- Paperback: 224 pages
- Publisher: Suspect Thoughts Press (2 Dec. 2006)
- Language: English
- ISBN-10: 0977158225
- ISBN-13: 978-0977158225
- Product Dimensions: 21.7 x 14.2 x 1.3 cm
- Average Customer Review: 5.0 out of 5 stars See all reviews (2 customer reviews)
- Amazon Bestsellers Rank: 2,268,216 in Books (See Top 100 in Books)
35 Cents Paperback – 2 Dec 2006
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A straight young hustler finds family in south Florida's gay community. A straight, young, white hustler makes 35 cents when he turns his first trick at 13 years of age. As he hustles his way through the South Florida gay community and juvenile detention system in the late 1980s, his life on the edge begs the questions: will he find home? Will he find love?
Top Customer Reviews
All that aside, this book had me completely hooked from the start. It's basically about the author's struggles with sexuality, drugs, and learning from the people he meets. This book will make you laugh, it'll probably make you cry, bits of it may turn you on a little, and bits of it will do quite the opposite.
I wouldn't call this a gay book, or a gay person's book, I think anyone with even a modestly liberal attitude to sexuality, and drugs, and hustling, will find this a fascinating, and enjoyable read.
Full marks from me!
To quote part of the back of the book "35 cents is the story of a straight young white boy growing up and coming of age as he hustles his way through both the gay community and the juvenile detention system of South Florida in the late 1980s. It's also the amount he made when he turned his first trick at 13. Will he find a home? Will he find love? All it costs is 35 cents.
This book was recommended to me and I'm pleased it was. I'm now thinking of seeing if any of the other books mentioned are available - I know Giovanni's Room is.
Most Helpful Customer Reviews on Amazon.com (beta)
Remember that con-artist, that literary construct of a tortured boy Laura Albert gave the name J.T. as if "The Leroy Syndrome" were another terminal illness? In the span of a few years, this increasingly tortured creature of myth festered from a truck stop prostitute into a full-blown media monstrosity whose stories spun more out of control than the crackled sparkle of a majorette's baton: suddenly "he" had full-blown AIDS; then "he" began to remember that he was also forced into starring in child pornography, ad nauseum?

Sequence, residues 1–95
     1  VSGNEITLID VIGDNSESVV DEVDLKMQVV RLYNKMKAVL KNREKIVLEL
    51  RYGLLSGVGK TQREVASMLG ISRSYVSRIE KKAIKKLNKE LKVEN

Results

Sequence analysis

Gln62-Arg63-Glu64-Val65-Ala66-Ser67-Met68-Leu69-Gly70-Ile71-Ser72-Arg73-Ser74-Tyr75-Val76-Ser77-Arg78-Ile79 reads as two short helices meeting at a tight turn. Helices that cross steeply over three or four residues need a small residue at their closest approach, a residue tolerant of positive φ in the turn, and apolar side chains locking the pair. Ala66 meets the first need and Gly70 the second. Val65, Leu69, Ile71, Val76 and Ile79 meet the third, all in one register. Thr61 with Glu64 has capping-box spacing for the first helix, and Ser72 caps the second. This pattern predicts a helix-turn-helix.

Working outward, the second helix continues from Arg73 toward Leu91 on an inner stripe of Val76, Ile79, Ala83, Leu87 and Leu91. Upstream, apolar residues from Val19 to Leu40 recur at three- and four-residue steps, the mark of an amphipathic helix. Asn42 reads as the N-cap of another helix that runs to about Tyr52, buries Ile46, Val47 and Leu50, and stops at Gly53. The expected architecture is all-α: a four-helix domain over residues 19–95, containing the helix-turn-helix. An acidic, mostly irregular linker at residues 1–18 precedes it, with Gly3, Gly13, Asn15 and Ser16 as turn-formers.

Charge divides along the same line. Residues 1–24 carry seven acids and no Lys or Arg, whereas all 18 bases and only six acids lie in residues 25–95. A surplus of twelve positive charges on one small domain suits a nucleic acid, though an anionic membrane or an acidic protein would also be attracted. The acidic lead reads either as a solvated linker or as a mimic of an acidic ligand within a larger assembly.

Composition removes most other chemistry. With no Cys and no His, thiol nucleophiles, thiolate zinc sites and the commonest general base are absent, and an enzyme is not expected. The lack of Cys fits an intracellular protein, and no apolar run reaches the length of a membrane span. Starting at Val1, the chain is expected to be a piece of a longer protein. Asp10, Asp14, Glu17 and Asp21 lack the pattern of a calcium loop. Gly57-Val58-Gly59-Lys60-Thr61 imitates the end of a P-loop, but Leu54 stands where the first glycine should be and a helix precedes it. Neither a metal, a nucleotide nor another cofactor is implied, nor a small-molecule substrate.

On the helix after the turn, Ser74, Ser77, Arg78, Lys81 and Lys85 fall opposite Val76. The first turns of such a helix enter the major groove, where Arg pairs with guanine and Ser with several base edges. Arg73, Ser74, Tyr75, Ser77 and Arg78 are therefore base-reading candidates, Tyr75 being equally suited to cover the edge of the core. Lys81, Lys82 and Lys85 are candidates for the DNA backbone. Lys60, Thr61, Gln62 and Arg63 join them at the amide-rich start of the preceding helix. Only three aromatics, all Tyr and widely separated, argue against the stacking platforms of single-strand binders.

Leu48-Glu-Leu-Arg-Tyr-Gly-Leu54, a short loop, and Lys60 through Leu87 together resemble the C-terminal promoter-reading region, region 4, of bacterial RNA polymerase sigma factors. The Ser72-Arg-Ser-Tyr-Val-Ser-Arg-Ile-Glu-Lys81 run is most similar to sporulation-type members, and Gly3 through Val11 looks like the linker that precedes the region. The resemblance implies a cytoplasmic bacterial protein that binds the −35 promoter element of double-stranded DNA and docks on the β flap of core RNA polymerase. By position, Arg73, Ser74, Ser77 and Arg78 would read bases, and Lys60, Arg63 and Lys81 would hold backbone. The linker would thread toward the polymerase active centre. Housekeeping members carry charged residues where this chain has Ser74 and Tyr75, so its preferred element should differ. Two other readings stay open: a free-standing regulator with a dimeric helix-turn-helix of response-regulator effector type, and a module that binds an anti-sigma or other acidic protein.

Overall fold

Well: no, Virginia--I hate to break the news, but there is no J.T. Leroy...just as there is no Santa Claus.
There *is*, however, a brilliant and beautiful underrated memoirist named Matty Lee whose prose beats with the same pure intent as his heart, and whose debut release 35 Cents is precisely what it purports to be: a shattered account of a handsome boy's life who hustled his way through juvie and midnight streets, through the front seats of johns and the backward ways he developed into the straight-up talent the author is today.
It's been almost a year since I finished this humble confessional, yet sometimes passages from its pages will come to mind and tap me on the shoulder when I least expect it: rough-edged little reminders that it's something bigger than I initially thought it to be.
All flowery descriptions pushed aside, here's the deal:
I love love love this book.
That's one of the three main points that I found refreshing in this book, the others being his honesty about his drug use (and frequent attempts at rehab) and that he considered himself gay for his entire adolescence, simply because he was surrounded by gay men who seemed to appreciate him, and he enjoyed that validation. At the same time, his mother's aloofness and his lack of experience in dealing with girls and women made him afraid of women, although his sexual fantasies were primarily heterosexual. In retrospect, he thanks the gay men who took care of him and tried to instill in him the social graces and a sense of responsibility, and portrays his sordid adolescence as a learning experience that enabled him to overcome his problems and become a functional, literate adult.
Given the nature of the experiences being portrayed, "35 Cents" is occasionally sexually explicit, but never without reason or in any attempt to be erotic. It's an amazing, well-written and insightful story of a survivor who generously credits others for helping him succeed.
This is an important book for both gay and straight audiences. His refusal to be restrained by sometimes oppressing labels should be applauded. It's too bad more ppl aren't so willing to talk about the fluid nature of sexuality.
Go read this book :-)